Title: Every Other Weekend
Author: Abigail Johnson
Publication Date: January 7, 2020
Synopsis: Adam Moynihan’s life used to be awesome. Straight As, close friends and a home life so perfect that it could have been a TV show straight out of the 50s. Then his oldest brother died. Now his fun-loving mom cries constantly, he and his remaining brother can’t talk without fighting, and the father he always admired proved himself a coward by moving out when they needed him most.
Jolene Timber’s life is nothing like the movies she loves—not the happy ones anyway. As an aspiring director, she should know, because she’s been reimagining her life as a film ever since she was a kid. With her divorced parents at each other’s throats and using her as a pawn, no amount of mental reediting will give her the love she’s starving for.
Forced to spend every other weekend in the same apartment building, the boy who thinks forgiveness makes him weak and the girl who thinks love is for fools begin an unlikely friendship. The weekends he dreaded and she endured soon become the best part of their lives. But when one’s life begins to mend while the other’s spirals out of control, they realize that falling in love while surrounded by its demise means nothing is ever guaranteed.
Review: ARC provided by the publisher through Edelweiss.
There are a few small spoilers in my review, but they are on things I think should be mentioned and are things that I wasn’t aware of before beginning the book.
Every Other Weekend is my first Abigail Johnson book, but it definitely won’t be my last. I can’t wait to go back and read her backlist titles.
Trigger warnings for negligence, abuse and sexual assault. There is also a major plot point over one family losing a son/sibling and them grieving him. A side plot with a friend involves a very manipulative boyfriend as well.
I wasn’t really sure what to expect going into this one since I hadn’t read any previous books from the author. I have a habit of skimming a synopsis and liking how it sounds and then completely pushing the plot out of my head. I tend to like to go into books rather blindly so this usually works well for me.
I really loved that the story is told in both Adam and Jolene’s perspective. I wasn’t sure if it would at first since it started out with Adam’s so I was preparing myself for a male perspective throughout the story. Once I got the first section of Jolene’s perspective, I figured I was going to love it. Dual perspective books tend to be ones I enjoy a lot since you get a little more background information as well as being able to be in both of their heads.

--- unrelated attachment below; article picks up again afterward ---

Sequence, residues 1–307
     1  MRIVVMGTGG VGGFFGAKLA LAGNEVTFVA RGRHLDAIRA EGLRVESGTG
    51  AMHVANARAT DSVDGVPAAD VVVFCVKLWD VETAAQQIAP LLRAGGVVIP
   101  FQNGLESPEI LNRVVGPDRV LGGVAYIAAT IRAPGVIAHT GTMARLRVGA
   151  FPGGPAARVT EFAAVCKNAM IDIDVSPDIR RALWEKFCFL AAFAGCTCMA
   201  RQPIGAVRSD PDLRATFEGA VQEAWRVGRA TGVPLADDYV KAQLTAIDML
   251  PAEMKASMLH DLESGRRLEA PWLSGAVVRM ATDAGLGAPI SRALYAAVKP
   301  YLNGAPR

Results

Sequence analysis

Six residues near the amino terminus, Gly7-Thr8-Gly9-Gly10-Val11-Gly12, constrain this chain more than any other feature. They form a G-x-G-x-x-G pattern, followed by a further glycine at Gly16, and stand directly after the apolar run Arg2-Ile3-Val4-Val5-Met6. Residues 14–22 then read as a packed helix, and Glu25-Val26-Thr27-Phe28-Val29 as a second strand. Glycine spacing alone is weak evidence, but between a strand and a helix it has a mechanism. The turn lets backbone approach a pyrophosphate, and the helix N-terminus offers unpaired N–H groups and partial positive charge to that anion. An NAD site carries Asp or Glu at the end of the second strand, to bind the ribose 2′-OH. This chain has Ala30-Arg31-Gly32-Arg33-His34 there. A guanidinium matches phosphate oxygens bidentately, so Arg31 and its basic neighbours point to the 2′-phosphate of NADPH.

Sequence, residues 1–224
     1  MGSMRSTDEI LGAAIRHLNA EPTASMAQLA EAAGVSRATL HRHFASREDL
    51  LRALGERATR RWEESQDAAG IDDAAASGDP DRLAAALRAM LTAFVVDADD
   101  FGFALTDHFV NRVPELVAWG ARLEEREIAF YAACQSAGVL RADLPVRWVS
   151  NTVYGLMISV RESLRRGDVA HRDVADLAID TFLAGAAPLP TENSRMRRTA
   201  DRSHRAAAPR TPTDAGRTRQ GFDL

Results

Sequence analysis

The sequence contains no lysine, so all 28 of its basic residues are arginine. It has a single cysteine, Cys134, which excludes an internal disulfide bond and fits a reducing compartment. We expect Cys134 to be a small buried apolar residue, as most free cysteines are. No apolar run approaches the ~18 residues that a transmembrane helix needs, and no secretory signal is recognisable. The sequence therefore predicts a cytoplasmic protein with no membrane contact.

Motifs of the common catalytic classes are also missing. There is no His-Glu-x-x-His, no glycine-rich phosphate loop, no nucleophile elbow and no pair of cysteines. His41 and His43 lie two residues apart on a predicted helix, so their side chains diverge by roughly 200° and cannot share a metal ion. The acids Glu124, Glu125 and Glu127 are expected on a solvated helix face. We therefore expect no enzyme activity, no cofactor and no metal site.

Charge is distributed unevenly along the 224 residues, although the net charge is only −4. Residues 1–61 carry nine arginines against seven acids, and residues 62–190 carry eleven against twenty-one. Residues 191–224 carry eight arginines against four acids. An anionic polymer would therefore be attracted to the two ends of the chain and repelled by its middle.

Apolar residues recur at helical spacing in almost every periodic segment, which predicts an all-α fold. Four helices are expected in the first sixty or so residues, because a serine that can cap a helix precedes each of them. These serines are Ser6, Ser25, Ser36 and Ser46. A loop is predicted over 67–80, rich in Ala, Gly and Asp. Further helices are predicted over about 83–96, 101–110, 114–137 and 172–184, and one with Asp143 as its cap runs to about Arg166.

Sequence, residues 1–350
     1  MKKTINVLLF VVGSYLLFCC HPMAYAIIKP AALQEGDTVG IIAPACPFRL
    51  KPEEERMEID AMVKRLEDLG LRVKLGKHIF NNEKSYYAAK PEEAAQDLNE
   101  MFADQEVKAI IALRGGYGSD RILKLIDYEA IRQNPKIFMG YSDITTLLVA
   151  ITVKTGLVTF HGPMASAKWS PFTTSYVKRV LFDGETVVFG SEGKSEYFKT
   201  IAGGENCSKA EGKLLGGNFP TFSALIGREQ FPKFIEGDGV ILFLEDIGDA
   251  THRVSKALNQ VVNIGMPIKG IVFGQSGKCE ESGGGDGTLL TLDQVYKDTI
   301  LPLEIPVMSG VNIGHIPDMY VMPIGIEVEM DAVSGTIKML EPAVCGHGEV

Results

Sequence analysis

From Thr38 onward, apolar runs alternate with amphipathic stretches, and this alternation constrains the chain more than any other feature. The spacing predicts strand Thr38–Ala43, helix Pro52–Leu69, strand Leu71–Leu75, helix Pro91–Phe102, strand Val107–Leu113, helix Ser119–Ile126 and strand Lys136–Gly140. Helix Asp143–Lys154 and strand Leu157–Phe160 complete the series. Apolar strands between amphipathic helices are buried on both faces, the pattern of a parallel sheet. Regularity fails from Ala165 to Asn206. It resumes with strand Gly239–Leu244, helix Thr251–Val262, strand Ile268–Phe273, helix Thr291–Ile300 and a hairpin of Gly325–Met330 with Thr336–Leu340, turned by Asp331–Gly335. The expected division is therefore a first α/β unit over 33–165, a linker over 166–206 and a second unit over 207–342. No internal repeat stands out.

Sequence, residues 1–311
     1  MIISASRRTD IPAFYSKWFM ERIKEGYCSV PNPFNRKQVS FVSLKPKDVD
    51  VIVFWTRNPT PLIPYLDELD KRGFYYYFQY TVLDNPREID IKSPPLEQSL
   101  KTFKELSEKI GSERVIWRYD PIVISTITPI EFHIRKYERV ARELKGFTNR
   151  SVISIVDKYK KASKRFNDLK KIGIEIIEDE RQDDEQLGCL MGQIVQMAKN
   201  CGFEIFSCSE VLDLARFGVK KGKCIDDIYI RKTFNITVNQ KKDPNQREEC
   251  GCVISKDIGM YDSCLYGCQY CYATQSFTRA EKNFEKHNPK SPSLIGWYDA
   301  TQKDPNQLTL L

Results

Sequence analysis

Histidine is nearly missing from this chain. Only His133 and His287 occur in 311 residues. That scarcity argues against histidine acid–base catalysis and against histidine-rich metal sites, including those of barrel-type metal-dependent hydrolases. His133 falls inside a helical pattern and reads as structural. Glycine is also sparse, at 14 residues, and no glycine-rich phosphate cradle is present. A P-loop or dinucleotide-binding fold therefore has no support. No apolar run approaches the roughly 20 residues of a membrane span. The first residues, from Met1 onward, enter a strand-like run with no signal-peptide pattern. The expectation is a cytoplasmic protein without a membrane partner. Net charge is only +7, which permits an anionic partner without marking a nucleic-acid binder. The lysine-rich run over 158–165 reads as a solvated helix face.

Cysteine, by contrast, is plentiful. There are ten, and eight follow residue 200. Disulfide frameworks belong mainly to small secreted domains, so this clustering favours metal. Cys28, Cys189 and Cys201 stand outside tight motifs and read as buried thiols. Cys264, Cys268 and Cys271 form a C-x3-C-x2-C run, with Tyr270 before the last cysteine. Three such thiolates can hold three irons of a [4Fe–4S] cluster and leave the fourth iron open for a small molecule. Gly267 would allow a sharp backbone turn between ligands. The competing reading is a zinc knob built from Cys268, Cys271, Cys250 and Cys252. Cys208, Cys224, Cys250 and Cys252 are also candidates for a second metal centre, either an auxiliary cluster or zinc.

Adam and Jolene meet on Adam’s first weekend at his dad’s new apartment. Adam’s parents have separated and him and his brother are spending every other weekend there. Jolene has been coming to her dad’s for awhile. Her parents divorced quite awhile ago and unlike Adam’s parents who are civil around each other, Jolene’s parents are basically out for blood when it comes to one another.
I really enjoyed the length of Every Other Weekend. The book is over 500 pages and because of that you’re getting much more of their story. You really get to see their relationship develop from just meeting to being friends to being much more. It’s rare for me to find contemporary books that are this length and I absolutely love it when I do come across it.
“It was a love story. Not romantic exactly, but the kind of love that maybe lasts beyond passion and heartbreak. It was a story of friendship, with all its possibilities laid out in front of it.”
After going back and looking at the synopsis, this book definitely deals with some heavy topics that I wasnt expecting. There’s a lot of negligence when it comes to Jolene and how her parents treat her. Her dad is basically never at the apartment. He has his young girlfriend there with her because its mandated in the court papers for her to have supervision. Jolene’s mom is an alcoholic who’s obsessed with her weight and freaks out on Jolene for everything she eats. She’s also abusive and it actually upsets me that the abuse and neglect weren’t challenged in the story.
There is also a sexual assault scene with a man who is a neighbor in the apartment building. He honestly gave me weird vibes from the moment he showed up in the book and I kept thinking something was going to happen and then when it did, I dropped my phone and had to stop for a few minutes. I’m very thankful for how that was handled and all the things that followed after that scene.
Overall, I really enjoyed Every Other Weekend. It had some moments that upset me and made me sad, but unfortunately that is a reality for some families. I would give Every Other Weekend a 4.5/5. I liked quite a bit of the story, but there were a few parts that I wish had been handled differently.
Is Every Other Weekend on your radar? I really enjoyed it and I think if you like contemporaries that have some hard hitting topics, it might be one you would enjoy.